3) No food safety benefits. NAIS will not prevent food borne illnesses from e. coli or salmonella, because the contamination occurs at the slaughterhouse, while NAIS tracking ends at the time of slaughter. Thus, NAIS will neither prevent the contamination nor increase the government's ability to track contaminated meat back to its source. In addition, NAIS will hurt efforts to develop safer, decentralized local food systems.

4) Unfair burdens placed on family farms and sustainable livestock operations. In addition to the costs, NAIS would impose significant reporting and paperwork burdens on small farms. In addition, sustainable livestock operations, which manage animals on pasture, would face higher rates of tag losses than confinement operations due to animals getting their tags caught on brush or fences. NAIS essentially creates incentives for CAFOs, with the accompanying social and environmental concerns.

"NAIS epitomizes what government should not do: it should not impose costly and highly intrusive regulatory burdens on private industry and private citizens without first considering alternatives, without first establishing a critical public need, and without first determining the effect that a significant government mandate would have on the culture and economy of the U.S. livestock industry," said Thornsberry. "We view the Tester/Enzi amendment as an essential step towards requiring USDA to begin cooperating with U.S. livestock producers to prevent the introduction and spread of animal diseases and pests in livestock without violating the rights and privileges of the individual owners and caretakers of those livestock."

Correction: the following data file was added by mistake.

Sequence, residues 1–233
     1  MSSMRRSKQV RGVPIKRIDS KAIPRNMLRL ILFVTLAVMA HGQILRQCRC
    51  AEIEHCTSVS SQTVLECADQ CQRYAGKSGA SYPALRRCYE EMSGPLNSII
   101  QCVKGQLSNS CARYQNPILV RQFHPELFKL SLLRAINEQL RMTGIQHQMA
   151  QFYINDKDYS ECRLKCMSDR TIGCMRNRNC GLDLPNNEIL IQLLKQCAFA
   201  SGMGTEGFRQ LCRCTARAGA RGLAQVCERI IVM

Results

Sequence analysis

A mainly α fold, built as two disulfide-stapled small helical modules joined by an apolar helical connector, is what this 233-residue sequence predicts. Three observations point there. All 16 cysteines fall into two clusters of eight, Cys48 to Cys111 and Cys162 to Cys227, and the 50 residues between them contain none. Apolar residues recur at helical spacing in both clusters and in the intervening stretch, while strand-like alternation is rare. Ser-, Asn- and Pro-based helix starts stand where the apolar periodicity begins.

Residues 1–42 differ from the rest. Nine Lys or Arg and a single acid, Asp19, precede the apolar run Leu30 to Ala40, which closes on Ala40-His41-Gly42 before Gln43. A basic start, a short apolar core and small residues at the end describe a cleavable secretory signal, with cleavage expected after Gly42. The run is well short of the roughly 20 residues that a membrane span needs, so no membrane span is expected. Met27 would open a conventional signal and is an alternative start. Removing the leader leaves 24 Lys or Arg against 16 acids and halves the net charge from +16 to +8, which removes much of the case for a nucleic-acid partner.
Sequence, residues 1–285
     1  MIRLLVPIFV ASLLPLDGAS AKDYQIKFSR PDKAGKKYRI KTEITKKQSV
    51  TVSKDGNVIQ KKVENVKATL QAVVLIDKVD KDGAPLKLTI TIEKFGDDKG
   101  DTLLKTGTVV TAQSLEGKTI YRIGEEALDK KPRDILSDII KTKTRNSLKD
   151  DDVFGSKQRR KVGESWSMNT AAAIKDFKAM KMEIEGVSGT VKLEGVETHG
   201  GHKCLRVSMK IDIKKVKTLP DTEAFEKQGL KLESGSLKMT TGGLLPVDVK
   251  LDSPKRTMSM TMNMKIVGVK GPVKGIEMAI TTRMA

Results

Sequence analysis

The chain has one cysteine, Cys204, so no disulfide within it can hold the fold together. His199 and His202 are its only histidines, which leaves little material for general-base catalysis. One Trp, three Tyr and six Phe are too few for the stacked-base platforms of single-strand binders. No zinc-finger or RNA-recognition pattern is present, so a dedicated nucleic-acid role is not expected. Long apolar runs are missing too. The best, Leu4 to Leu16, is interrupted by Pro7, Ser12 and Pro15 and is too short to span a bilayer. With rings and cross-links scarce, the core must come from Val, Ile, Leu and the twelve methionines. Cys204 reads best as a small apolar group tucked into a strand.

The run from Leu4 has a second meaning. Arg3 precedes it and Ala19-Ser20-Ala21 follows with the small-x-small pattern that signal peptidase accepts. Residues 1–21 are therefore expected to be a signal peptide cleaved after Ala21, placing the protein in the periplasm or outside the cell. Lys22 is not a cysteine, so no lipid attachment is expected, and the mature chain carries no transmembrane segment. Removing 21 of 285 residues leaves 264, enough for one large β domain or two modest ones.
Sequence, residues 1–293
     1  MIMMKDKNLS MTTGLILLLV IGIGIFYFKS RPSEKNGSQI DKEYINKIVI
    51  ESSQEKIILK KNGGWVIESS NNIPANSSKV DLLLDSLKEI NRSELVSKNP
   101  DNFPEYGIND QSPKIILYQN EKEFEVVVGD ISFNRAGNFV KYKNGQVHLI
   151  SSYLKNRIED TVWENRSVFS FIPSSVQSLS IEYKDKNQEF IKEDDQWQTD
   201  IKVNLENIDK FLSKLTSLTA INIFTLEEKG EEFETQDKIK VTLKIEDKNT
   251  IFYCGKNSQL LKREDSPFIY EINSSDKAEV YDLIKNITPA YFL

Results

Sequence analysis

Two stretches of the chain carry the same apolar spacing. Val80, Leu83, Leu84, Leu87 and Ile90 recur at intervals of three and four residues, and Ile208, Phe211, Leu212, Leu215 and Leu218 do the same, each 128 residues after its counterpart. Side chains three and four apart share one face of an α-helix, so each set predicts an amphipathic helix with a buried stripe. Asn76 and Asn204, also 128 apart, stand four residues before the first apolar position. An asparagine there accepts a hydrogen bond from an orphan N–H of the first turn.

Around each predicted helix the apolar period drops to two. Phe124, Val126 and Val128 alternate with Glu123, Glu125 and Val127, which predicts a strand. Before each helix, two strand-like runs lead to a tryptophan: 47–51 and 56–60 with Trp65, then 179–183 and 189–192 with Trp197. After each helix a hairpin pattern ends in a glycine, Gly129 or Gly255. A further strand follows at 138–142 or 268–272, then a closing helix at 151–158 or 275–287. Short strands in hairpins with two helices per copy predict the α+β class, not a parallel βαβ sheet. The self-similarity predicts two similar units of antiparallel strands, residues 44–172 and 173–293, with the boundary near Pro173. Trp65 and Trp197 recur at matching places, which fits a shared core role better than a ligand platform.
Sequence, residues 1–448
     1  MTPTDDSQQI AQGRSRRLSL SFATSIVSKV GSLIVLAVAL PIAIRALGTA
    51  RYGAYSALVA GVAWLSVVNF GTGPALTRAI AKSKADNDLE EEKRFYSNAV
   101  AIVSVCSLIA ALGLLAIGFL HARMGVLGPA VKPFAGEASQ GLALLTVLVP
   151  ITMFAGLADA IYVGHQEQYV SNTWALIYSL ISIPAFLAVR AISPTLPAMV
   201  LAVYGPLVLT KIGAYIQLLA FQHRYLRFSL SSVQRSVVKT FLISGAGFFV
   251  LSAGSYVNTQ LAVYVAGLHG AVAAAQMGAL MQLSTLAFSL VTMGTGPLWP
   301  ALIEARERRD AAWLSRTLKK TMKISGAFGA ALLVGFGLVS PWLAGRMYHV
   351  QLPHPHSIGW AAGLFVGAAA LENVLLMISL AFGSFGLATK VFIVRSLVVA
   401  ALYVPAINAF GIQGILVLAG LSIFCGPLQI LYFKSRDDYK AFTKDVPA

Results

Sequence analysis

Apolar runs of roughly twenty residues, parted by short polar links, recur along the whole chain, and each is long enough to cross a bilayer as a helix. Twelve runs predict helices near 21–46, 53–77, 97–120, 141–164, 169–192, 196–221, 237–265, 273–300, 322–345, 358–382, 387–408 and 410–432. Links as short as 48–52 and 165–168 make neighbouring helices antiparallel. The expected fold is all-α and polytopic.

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R-CALF USA (Ranchers-Cattlemen Action Legal Fund, United Stockgrowers of America) is a national, non-profit organization dedicated to ensuring the continued profitability and viability of the U.S. cattle industry. R-CALF USA represents thousands of U.S. cattle producers on trade and marketing issues. Members are located across 47 states and are primarily cow/calf operators, cattle backgrounders, and/or feedlot owners. R-CALF USA directors and committee chairs are extremely active unpaid volunteers. R-CALF USA has dozens of affiliate organizations and various main-street businesses are associate members. For more information, visit or, call 406-252-2516.